Dronecode Workshop and Fly Day 2015
I attended the DroneCode workshop on Monday 5th October, 2015 in the Spencer Hotel in Dublin. Dronecode is an open source project for the development of functionality of drones. During the workshop we downloaded the necessary software and attempted to get a motor attached to the flight controller working.
I didn’t manage to get all that done in the afternoon but I learned a lot from the evening. I met some researchers from UCD – Jonathon Byrne and Evan. The organisers of the event kindly gave us the PixHawk flight controller and motor that we had been working on so that we could continue with it.
On the 8th of October, 2015 – the following Thursday I attended a “flight day” at Newcastle airfield in Co. Wicklow. Many presentations were given – all of them very interesting.
I even got to fly a drone (and what a drone..). These drones are used commonly now in film production. It was the 3DRobotics drone with Go Pro camera attached. It has a number of presets on the camera and you can actually control the angle of the camera from the remote drone control unit as you fly it. The remote control unit also has a tablet attached so that you can see what the drone sees and fly it accordingly. This is an off the shelf unit(doesn’t come with the Go Pro Camera or gimble or tablet though – they are extra). The 3DRobotics crew have attempted to make this drone easy to fly. Indeed, I had never flown a drone before and found it very intuitive.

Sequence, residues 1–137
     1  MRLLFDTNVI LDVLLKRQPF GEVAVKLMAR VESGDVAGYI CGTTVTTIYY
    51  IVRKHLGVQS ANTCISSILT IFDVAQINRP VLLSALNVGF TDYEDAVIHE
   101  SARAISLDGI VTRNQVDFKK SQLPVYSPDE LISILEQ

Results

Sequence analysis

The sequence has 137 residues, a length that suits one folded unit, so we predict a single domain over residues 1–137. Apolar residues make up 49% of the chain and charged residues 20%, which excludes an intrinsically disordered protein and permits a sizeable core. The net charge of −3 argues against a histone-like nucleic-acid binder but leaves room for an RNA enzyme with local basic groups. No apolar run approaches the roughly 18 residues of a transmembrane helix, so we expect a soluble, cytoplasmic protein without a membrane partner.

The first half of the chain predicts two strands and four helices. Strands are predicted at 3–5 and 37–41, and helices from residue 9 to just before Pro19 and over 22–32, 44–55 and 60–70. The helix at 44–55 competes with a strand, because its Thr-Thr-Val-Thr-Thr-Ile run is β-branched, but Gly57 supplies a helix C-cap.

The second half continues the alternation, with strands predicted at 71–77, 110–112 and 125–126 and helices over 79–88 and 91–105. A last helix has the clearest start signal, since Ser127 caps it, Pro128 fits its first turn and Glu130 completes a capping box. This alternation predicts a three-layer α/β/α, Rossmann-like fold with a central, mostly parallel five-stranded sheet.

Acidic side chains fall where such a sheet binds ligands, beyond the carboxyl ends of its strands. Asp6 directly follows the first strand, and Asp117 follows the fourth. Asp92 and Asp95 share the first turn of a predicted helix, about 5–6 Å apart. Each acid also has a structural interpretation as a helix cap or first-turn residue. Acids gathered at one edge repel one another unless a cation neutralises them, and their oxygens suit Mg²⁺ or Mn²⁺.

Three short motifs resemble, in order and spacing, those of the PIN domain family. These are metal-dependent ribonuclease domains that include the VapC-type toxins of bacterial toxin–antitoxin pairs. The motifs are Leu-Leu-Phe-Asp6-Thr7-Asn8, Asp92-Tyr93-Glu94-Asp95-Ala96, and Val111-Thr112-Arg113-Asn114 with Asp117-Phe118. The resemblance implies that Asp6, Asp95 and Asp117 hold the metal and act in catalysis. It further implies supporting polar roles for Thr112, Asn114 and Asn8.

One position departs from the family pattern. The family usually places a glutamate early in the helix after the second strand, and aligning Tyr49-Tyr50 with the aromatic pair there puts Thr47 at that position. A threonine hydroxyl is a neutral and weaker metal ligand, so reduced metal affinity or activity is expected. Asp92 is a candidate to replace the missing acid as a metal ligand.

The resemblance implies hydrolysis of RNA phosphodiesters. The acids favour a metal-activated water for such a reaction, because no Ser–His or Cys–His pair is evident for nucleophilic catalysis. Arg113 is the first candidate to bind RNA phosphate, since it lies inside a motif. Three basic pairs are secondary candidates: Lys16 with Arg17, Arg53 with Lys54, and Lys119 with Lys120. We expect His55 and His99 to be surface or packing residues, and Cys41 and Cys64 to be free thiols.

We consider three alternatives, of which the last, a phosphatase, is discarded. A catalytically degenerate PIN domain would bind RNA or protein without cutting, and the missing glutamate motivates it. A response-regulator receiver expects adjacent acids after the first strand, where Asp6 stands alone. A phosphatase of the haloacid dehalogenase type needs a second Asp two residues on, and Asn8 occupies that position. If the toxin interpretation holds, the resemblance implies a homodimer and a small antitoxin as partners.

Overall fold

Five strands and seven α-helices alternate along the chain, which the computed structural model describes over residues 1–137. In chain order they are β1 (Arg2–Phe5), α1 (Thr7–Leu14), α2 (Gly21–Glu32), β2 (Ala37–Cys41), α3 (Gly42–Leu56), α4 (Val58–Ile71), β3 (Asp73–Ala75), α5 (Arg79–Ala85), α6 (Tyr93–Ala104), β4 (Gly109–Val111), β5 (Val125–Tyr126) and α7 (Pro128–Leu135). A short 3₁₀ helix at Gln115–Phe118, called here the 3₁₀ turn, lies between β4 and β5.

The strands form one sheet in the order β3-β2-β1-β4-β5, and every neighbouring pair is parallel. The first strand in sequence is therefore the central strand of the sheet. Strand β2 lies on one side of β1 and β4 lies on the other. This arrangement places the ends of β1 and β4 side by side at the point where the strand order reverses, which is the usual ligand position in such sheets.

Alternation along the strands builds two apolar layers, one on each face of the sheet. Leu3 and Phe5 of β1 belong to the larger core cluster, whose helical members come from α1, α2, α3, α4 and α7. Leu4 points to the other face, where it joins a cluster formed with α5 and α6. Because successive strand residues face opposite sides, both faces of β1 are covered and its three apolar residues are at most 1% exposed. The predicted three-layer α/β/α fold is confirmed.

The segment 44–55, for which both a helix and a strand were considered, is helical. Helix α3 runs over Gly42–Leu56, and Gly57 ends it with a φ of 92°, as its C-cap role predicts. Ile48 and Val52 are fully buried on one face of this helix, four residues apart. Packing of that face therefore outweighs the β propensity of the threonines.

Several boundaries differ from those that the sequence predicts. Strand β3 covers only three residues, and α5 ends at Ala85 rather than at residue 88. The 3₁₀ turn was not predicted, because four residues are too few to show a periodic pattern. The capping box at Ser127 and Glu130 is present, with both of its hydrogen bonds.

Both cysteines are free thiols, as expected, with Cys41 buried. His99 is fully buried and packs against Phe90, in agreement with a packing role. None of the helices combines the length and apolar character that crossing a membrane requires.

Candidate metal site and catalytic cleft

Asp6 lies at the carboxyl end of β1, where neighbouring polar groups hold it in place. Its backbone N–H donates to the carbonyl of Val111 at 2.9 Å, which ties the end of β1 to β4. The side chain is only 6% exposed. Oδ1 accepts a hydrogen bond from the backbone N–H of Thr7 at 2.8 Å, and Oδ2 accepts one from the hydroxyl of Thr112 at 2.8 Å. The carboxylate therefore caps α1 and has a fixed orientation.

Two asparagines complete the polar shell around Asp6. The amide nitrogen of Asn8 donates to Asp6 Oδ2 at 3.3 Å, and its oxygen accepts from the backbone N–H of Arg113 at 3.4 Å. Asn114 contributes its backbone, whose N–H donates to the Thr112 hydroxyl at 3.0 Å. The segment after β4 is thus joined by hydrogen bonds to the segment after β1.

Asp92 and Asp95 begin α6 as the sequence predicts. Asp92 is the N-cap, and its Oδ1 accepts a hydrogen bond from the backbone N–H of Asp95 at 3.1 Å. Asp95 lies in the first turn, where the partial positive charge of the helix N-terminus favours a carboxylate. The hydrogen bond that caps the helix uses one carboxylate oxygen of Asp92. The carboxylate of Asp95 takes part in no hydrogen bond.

Also at the flight day was Julien Beraud from France. He demoed two “Bebop” drones. You can purchase them for approximately 500 euros each. He has been working on the programming of them using dronecode for 3 months and his demo was very impressive.
Towards the end of the day there was a treasure hunt where various objects had been placed around the airfield and it was up to the drone operators to locate them.
Earlier in the day there had been talks of the next Dronecode challenge. A previous Dronecode challenge was the “outback” challenge where a drone was used to locate a casualty and drop a bottle of water nearby.
I’m keeping my ear to the ground on this.